The World's Orators, Comprising the Great Orations of the World's History: With Introductory Essays, Biographical Sketches and Critical Notes, Volume 6

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G. P. Putnam's sons, 1900 - Orators
 

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Page 140 - to use all the means which God and nature have put into our hands." I am astonished, I am shocked, to hear such principles confessed ; to hear them avowed in this house, or in this country.
Page 130 - ... of the woods — to delegate to the merciless Indian the defence of disputed rights, and to wage the horrors of his barbarous war against our brethren? My lords, these enormities cry aloud for redress and punishment : unless thoroughly done away, it will be a stain on the national character.
Page 140 - God and nature to the massacres of the Indian scalpingknife— to the cannibal savage torturing, murdering, roasting, and eating; literally, my Lords, eating the mangled victims of his barbarous battles! Such horrible notions shock every precept of religion, divine or natural, and every generous feeling of humanity.
Page 118 - Power without right is the most odious and detestable object that can be offered to the human imagination. It is not only pernicious to those who are subject to it, but tends to its own destruction...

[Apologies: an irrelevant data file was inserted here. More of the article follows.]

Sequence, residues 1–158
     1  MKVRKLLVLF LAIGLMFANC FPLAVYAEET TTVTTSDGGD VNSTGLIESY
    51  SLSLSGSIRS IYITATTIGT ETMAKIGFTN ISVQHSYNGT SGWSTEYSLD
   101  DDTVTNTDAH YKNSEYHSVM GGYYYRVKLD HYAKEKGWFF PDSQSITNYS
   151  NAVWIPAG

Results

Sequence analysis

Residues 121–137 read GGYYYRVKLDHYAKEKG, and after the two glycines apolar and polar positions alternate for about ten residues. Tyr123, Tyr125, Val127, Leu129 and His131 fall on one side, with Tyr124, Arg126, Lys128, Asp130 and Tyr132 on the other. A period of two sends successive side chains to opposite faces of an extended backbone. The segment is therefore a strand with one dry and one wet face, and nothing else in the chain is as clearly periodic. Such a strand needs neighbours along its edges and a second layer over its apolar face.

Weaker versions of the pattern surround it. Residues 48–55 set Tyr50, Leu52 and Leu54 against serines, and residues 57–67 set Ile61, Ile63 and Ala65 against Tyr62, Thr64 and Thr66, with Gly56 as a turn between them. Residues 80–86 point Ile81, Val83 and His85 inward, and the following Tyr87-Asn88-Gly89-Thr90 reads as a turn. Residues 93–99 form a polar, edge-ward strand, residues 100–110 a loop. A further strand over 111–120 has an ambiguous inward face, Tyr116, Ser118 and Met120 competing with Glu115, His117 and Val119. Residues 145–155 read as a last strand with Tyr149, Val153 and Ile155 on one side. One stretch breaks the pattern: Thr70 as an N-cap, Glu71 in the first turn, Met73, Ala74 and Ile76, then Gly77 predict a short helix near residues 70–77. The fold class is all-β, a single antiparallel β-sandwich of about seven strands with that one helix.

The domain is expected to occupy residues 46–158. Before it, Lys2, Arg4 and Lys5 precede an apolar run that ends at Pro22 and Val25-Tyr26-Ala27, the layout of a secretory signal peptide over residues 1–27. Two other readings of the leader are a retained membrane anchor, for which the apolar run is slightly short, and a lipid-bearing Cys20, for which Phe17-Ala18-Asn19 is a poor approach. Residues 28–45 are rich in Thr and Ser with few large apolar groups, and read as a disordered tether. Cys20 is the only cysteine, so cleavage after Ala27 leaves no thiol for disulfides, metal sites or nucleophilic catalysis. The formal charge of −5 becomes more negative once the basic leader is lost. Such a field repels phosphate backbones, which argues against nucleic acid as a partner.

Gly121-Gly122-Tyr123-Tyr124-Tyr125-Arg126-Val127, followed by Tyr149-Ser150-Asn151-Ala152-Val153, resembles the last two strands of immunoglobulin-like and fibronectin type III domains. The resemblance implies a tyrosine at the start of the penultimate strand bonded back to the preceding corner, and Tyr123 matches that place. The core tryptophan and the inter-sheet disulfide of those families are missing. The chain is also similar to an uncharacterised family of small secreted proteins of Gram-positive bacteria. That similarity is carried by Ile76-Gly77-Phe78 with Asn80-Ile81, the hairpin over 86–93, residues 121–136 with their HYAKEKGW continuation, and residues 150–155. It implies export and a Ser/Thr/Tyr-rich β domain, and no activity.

Page 212 - When at length Hyder Ali found that he had to do with men who either would sign no convention, or whom no treaty and no signature could bind, and who were the determined enemies of human intercourse itself, he decreed to make the country possessed by these incorrigible and predestinated criminals a memorable example to mankind.
Page 198 - Let no man hereafter talk of the decaying energies of Nature. All the acts and monuments in the records of peculation, the consolidated corruption of ages, the patterns of exemplary plunder in the heroic times of Roman iniquity, never equalled the gigantic corruption of this single act. Never did Nero, in all the insolent prodigality of despotism, deal out to his...
Page 212 - Both before, and since that treaty, every principle of policy pointed out this power as a natural alliance ; and on his part it was courted by every sort of amicable office. But the cabinet council of English creditors would not suffer...
Page 125 - I CANNOT, my lords, I WILL NOT join in congratulation on misfortune and disgrace. This, my lords, is a perilous and tremendous moment : it is not a time for adulation : the smoothness of flattery cannot save us in this rugged and awful crisis. It is now necessary to instruct the throne, in the language of TRUTH.
Page 212 - They declared the Nabob of Arcot to be his sovereign, and himself to be a rebel, and publicly invested their instrument with the sovereignty of the kingdom of Mysore. But their victim was not of the passive kind. They were soon obliged to conclude a treaty of peace and close alliance with this rebel at the gates of Madras. Both before and since...
Page 214 - ... hundred a day in the streets of Madras; every day seventy at least laid their bodies in the streets, or on the glacis of Tanjore, and expired of famine in the granary of India.

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